Wednesday, February 4, 2009
February 3rd, 1959 has been popularly known as "The Day the Music Died". The plane that crashed outside of Clear Lake, Iowa carried budding star Ritchie Valens, "The Big Bopper" J.P. Richardson, and the legendary Buddy Holly. Although the other two might have their merits, it's Buddy Holly's music that has had a huge impact on me. So often rock 'n roll gets bogged down in the "woe is me, she doesn't love me" sentiment, and forgets joy. Buddy Holly was all about joy, even if he could bust out a ballad with the best of them. The exuberance of his songs is so infectious, I don't know how anyone could resist. I discovered his music when I was about 20 (the age he was when he became famous) when I found a used greatest hits CD of his being sold for $3.99. I thought "Why not check it out? He's probably a legend for a reason." Of course, I knew "That'll Be the Day" and "Peggy Sue" his two most famous songs, but I was not prepared for the staggering quality of music that I found. I was giddy as I pursued more from him, and I was never disappointed.
After attending an Elvis Presley concert as a teenager, Holly devoted his life to making rock music. Although he came from a humble beginning in Lubbock, Texas, he changed the perception of the rock artist, being one of the first to primarily write his own material (something which his disciples The Beatles would eventually make expected of a rock artist), as well as often being his own lead guitarist. He is often cited as the popularizer of the Fender Stratocaster. When he toured throughout the late 50's, many young men saw his guitar and went out and bought their own in imitation. His artistic self-reliance let him branch out and try many different approaches and styles. Holly was really only beginning to realize his potential when he died. As a singer, guitarist, songwriter, and burgeoning producer (where he had hoped to do much of his work as he got older and had a family), he constantly pushed himself. If you take a look at the growth from his earliest records, to the stuff he was putting out at the end of his career, it hints at a talent that would've continued to flourish and a curiosity that would've never ceased to try new things. To think that people still know his name and can feel his impact 50 years on speaks to how important Buddy Holly was. The fact that he died at just 22 is simply baffling, he had been popularly making music for less than 3 years. I simply wanted to mark the 50th anniversary of the death one of my heroes.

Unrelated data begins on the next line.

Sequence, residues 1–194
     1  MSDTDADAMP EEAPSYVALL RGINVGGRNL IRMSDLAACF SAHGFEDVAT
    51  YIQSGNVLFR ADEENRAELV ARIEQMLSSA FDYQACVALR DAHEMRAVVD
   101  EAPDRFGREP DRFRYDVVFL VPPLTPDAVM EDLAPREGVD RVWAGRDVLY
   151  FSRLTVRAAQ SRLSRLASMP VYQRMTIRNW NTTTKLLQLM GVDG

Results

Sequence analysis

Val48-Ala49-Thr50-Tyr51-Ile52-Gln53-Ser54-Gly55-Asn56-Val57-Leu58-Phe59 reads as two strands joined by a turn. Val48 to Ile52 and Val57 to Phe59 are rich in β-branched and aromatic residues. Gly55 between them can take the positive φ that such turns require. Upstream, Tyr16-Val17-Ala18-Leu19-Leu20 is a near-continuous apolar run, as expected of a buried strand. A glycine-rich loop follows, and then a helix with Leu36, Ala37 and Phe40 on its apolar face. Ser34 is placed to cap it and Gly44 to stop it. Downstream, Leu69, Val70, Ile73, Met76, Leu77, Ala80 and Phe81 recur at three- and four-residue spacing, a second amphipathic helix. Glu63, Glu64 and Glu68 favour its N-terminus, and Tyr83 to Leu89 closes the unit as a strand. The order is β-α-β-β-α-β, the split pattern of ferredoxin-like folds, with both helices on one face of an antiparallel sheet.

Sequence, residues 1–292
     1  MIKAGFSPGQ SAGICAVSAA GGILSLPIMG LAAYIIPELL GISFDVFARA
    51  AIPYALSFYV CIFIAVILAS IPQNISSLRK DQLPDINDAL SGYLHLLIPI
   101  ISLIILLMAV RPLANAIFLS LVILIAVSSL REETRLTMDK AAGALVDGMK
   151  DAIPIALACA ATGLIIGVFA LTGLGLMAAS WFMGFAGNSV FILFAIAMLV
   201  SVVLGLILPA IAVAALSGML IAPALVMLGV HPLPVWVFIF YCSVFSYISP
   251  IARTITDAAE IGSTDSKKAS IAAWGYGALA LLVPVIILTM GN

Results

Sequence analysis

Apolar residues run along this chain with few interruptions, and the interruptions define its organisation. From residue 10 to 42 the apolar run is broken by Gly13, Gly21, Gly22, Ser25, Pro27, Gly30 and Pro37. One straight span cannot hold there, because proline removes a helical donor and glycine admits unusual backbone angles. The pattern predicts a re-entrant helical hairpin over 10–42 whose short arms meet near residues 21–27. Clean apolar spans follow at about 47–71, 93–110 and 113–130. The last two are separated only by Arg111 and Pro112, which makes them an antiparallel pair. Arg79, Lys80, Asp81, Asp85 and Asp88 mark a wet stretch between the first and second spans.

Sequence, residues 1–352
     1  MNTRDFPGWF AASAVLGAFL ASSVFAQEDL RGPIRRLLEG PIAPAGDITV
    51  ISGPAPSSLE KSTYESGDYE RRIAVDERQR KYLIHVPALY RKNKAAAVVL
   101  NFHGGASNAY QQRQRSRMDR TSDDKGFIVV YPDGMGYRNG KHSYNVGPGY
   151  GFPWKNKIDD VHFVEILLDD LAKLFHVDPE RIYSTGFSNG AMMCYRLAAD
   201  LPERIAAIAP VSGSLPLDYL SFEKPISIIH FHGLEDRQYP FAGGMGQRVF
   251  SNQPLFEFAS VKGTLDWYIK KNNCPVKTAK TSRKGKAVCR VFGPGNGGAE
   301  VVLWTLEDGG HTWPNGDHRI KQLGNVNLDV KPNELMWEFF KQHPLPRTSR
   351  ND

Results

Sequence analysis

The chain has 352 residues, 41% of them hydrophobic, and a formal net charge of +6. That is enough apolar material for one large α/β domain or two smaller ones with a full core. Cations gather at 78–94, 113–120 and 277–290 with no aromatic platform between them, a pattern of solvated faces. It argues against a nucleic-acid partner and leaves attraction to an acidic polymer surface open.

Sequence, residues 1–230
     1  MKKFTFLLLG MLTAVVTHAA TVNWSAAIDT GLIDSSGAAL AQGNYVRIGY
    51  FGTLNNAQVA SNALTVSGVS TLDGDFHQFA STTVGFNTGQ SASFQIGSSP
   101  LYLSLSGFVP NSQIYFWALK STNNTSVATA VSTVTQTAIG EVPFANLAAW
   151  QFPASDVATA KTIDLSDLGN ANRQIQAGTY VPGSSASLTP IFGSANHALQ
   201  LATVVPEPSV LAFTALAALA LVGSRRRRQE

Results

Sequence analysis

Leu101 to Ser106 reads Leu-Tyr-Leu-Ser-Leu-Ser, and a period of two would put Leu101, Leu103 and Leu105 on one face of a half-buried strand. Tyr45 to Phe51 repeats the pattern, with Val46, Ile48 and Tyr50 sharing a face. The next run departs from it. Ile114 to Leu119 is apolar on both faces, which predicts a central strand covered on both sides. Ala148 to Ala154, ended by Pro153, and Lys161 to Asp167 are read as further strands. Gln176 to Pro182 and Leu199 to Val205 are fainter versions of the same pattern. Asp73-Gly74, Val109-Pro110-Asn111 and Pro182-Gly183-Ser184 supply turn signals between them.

Monday, February 2, 2009
Slumdog Millionaire is about a smart, but uneducated, kid from the slums of Mumbai, India (formerly called Bombay) who gets on the Indian version of the TV show Who Wants to Be a Millionaire? That may not sound like the basis for a crowd pleasing Academy Award front-runner, but that's exactly what Slumdog is. The question, of course, is whether or not it deserves the gobs of love that people (both critics and audiences alike) have been heaping onto it. My answer is both a yes and a no. It is very nearly a great movie, and I wouldn't mind anyone saying that they loved it, but I came away feeling that it could've been better. Still, the good far outweighs the bad and Slumdog Millionaire is a terrific little movie with a wonderful heart at its center.
That heart mainly belongs to Dev Patel, the actor portraying the adult version of the movie's protaganist, Jamal. We follow Jamal through three periods of his life, a life which intertwines with those of his brother Salim, and the love of Jamal's life, Latika (played as an adult by the ridiculously beautiful Freida Pinto). All three come from the slums and spend the movie trying to fight their way out. No matter what the circumstances though, Jamal does what he does because of his love of Latika. He only tries out for Millionaire because it's a wildly popular show, and having lost contact with her, he hopes she'll be watching and will find him. His unlikely success on the show is mostly because he's a bright kid with a good memory. Still, those in charge think he's cheating, and the movie is primarily told through flashbacks of the adult Jamal reliving how he learned all the answers to the questions. Jamal tells them the story of his young life, a remarkable tale including gangsters, stealing to survive, hoboing on trains, and always of trying to get back to Latika. It's this romantic core that lifts the movie up, with the emotionally affecting performances from Patel and Pinto being a big reason for its success. They both have big expressive eyes, and Patel in particular conveys Jamal's entire life in his voice and the depth of those eyes. They have wonderful chemistry with one another, and for being so young (he's just 18, she's 24) I don't think they step wrong once.
Holding the movie back though is the direction from British director Danny Boyle. He directs the movie with a certain "look at me" style that I usually associate with someone like Tony Scott (especially his stuff like Man on Fire and Domino). There's also some intelligence insulting, and obviously unnecessary, flashbacks during the climax of the story that really epitomizes Boyle's hacky direction. He just doesn't have the confidence in Simon Beaufoy's screenplay that he should've had, the kind of confidence that would allow him to get out of the way of both the story and the actors and let them win over the audience as they would've effortlessly done. But just like Paul Greengrass couldn't ruin the last two Bourne movies no matter how hard he tried, Boyle doesn't ruin Slumdog. Not to say that the screenplay is flawless. I don't think the few bits of comedy work very well, there are a couple of pieces of stupid dialog in moments that would've worked silently, and ultimately Salim is not a very interesting character and doesn't have the kind of emotional impact on the audience that Jamal and Latika have. Regardless, the biggest problems lie with the director, not the writer.
Is it the best movie of the year? Not even close. Is it a great movie? Not quite. But I won't be surprised if it wins Best Picture at this years Oscars (where it's been nominated for 10 awards), because it is a very good movie, and exactly the type of out of nowhere choice that the Academy occasionally goes for. I would actually admire the Academy for honoring an international picture such as this, one with about a third of its dialog in Hindi, and the English dialog all coming with Indian accents. Ultimately though, the thing I take most away from the movie is that I really hope we see more of Dev Patel and Freida Pinto at the movies. I think they have big bright futures ahead of them.